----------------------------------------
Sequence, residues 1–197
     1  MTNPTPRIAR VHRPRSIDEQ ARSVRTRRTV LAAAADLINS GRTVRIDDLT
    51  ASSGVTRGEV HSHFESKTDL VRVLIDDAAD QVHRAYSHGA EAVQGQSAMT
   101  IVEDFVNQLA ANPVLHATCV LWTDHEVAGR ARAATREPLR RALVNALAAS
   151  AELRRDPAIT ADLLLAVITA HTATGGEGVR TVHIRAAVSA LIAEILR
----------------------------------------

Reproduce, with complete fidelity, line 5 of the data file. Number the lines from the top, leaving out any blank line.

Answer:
   151  AELRRDPAIT ADLLLAVITA HTATGGEGVR TVHIRAAVSA LIAEILR